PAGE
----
How cute are these teeny weenies? I found them in a market in Slovenia and bonus!!! I got to pick asparagus from a nearby field the very next day. #heaven
If you need to store them until you are ready to use them, don’t clean them yet, but do give them a fresh trim on the ends. Then put them upright as you would a bunch of flowers in a container. A large liquid measure is a great and non-tippy choice. Cover the bases with a little water. I like to wrap the tops with paper towel to wick away moisture, then loosely tie a plastic bag around that. If the water gets murky, switch it out just like you would for flowers. You can store asparagus like this for several days, up to a week, but they are always best when cooked as soon as possible to avoid loss of flavor.
When it’s time to cook them, drizzle a tiny bit of olive oil and toss to coat them all, then season with salt and pepper. Place them on a sheet pan in a single layer – don’t overcrowd – or on the hottest grill. Cooking time will vary based on thickness, but can range from 8-10 minutes for thin spears to 12-15 for fatter ones. Give them a roll to turn about half way through and keep an eye on them. They should still be quite firm but start to get a bit of char.
Way too overcrowded. Single layer only – puh-leeze!!
To serve, drizzle a good balsamic vinegar and top with shards of Manchego. And because the measurements are all yours, this is now your recipe. Go. Enjoy. Brag. You’re welcome!
There was a time when asparagus was relegated to poaching or boiling and flavors were delicate, maybe napped with a Hollandaise? But no more! Char these babies and drizzle with a good Balsamic and shave some tangy Manchego on top.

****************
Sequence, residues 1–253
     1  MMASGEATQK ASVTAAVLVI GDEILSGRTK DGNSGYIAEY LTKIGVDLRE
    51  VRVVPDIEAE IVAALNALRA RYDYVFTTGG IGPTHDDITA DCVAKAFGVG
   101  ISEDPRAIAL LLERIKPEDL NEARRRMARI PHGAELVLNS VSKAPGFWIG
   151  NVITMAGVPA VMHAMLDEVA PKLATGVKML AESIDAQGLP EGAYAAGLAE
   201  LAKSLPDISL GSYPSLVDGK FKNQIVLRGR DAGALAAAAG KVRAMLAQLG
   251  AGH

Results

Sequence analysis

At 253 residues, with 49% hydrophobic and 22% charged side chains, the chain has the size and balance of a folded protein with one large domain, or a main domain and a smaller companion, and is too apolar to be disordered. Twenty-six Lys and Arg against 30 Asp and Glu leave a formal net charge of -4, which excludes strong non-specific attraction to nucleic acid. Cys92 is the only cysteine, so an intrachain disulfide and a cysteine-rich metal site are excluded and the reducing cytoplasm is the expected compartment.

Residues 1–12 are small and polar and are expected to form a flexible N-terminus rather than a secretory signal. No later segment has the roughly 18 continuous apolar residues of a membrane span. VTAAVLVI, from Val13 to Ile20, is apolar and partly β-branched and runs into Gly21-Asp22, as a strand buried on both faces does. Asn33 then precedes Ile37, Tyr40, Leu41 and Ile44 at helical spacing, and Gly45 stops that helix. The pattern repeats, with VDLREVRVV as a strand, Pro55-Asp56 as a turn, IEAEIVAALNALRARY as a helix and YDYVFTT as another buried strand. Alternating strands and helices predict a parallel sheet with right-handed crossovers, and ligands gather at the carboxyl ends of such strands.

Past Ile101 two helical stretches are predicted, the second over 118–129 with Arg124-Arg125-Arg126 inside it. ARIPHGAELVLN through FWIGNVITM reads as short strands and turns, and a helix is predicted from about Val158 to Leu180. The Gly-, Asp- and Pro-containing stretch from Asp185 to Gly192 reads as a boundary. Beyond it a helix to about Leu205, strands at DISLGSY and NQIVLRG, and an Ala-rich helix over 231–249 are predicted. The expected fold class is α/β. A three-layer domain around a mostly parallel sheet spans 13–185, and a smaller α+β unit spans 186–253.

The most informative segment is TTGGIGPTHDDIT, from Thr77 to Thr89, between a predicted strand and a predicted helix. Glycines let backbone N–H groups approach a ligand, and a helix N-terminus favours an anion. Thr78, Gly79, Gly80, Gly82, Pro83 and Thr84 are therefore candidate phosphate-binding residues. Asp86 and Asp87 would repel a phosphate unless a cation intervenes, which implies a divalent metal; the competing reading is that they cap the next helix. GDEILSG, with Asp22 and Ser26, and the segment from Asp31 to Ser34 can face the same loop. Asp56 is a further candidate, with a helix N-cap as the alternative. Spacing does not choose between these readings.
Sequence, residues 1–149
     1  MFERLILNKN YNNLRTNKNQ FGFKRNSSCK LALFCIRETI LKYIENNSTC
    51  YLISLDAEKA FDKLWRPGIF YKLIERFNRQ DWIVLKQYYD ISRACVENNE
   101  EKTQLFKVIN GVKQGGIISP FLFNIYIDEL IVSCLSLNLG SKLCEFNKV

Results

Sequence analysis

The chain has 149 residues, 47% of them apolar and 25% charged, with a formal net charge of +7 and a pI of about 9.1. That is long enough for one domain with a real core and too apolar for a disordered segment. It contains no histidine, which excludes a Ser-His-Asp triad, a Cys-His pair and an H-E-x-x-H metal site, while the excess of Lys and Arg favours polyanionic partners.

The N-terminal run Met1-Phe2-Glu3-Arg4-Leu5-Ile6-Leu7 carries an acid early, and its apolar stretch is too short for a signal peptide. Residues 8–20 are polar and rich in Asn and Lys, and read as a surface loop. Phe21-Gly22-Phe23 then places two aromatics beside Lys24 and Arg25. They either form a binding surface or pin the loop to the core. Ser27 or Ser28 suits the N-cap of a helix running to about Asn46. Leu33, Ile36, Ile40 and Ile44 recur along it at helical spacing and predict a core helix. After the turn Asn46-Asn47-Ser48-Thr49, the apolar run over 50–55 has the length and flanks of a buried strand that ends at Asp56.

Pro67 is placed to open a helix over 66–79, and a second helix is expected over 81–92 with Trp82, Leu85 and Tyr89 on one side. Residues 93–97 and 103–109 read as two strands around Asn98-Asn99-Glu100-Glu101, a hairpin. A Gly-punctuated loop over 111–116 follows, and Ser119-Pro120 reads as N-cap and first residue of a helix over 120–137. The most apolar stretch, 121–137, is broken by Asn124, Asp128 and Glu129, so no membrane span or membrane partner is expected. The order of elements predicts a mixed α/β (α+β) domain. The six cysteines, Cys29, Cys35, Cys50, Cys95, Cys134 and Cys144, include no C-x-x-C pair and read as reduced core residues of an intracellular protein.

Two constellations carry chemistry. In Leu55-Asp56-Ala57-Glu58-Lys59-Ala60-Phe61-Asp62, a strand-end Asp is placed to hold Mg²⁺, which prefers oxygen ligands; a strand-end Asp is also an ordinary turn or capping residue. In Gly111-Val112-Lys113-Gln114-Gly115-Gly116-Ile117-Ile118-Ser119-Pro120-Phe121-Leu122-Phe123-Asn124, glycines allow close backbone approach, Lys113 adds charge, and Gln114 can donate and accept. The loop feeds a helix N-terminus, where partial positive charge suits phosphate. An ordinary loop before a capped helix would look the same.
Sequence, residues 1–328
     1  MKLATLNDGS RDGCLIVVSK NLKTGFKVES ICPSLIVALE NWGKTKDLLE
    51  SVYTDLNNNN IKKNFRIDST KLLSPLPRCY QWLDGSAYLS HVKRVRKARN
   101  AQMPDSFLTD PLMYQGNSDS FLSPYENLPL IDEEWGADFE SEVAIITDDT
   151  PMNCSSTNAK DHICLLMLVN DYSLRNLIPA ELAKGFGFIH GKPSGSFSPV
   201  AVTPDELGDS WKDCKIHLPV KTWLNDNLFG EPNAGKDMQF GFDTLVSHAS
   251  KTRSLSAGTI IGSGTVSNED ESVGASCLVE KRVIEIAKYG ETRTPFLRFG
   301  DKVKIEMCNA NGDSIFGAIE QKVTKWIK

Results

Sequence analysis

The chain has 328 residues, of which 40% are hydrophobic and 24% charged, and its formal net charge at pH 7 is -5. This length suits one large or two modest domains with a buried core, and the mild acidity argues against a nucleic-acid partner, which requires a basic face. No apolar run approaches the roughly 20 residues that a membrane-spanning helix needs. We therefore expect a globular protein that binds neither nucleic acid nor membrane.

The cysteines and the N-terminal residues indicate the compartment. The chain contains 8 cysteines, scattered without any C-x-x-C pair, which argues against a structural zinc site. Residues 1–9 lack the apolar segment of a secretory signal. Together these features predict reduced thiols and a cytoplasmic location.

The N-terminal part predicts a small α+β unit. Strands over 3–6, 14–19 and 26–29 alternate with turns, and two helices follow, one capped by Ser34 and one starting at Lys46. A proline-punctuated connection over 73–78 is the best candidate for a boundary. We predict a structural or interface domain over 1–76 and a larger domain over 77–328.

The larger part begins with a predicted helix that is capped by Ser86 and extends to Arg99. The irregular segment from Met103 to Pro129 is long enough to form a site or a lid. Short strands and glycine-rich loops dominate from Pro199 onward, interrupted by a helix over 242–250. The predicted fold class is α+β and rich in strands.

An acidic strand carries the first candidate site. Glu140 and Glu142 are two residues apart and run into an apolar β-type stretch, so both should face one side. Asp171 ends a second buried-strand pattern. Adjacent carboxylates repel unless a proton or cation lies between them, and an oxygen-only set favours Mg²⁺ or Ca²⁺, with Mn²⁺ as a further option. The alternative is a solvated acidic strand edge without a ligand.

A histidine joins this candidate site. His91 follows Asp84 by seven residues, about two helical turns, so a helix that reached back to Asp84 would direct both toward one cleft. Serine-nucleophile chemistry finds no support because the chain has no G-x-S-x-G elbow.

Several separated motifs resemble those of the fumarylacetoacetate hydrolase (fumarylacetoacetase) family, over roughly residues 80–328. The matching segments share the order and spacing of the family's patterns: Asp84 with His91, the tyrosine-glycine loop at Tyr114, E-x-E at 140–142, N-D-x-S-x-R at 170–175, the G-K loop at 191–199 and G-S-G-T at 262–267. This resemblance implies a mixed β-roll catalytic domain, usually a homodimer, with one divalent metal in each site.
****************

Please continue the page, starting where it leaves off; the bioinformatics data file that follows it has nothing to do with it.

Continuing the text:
1 bunch fresh asparagus (see notes above on selection)
extra virgin olive oil
salt and pepper
aged Balsamic vinegar
Preheat oven to 450 oF or fire up a very hot grill.
Prepare asparagus by rinsing under cool water to remove any sand. Snap the bases where they want to be snapped. Follow the natural breaking point. If the stalks are bigger and super woody, you can whittle a bit away using a vegetable peeler. Make sure the spears are dry before cooking.
Drizzle a tiny bit of olive oil and toss to coat them all, then season with salt and pepper. Place them on a sheet pan in a single layer – don’t overcrowd – or on the hottest grill. Cooking time will vary based on thickness, but can range from 8-10 minutes for thin spears to 12-15 for fatter ones. Give them a roll to turn about half way through and keep an eye on them. They should still be quite firm but start to get a bit of char.
To serve, drizzle a good balsamic vinegar and top with shards of Manchego.
Top with a poached egg if you like!
Prep Time:5 minutes
Cook Time:10 minutes
Method:Roasting or Grilling
And if you are as obsessed with the poached egg on everything craze as I am, why not? This makes a mean breakfast, brunch, lunch dish. I could even see some avo toast on the side…if I squint my eyes.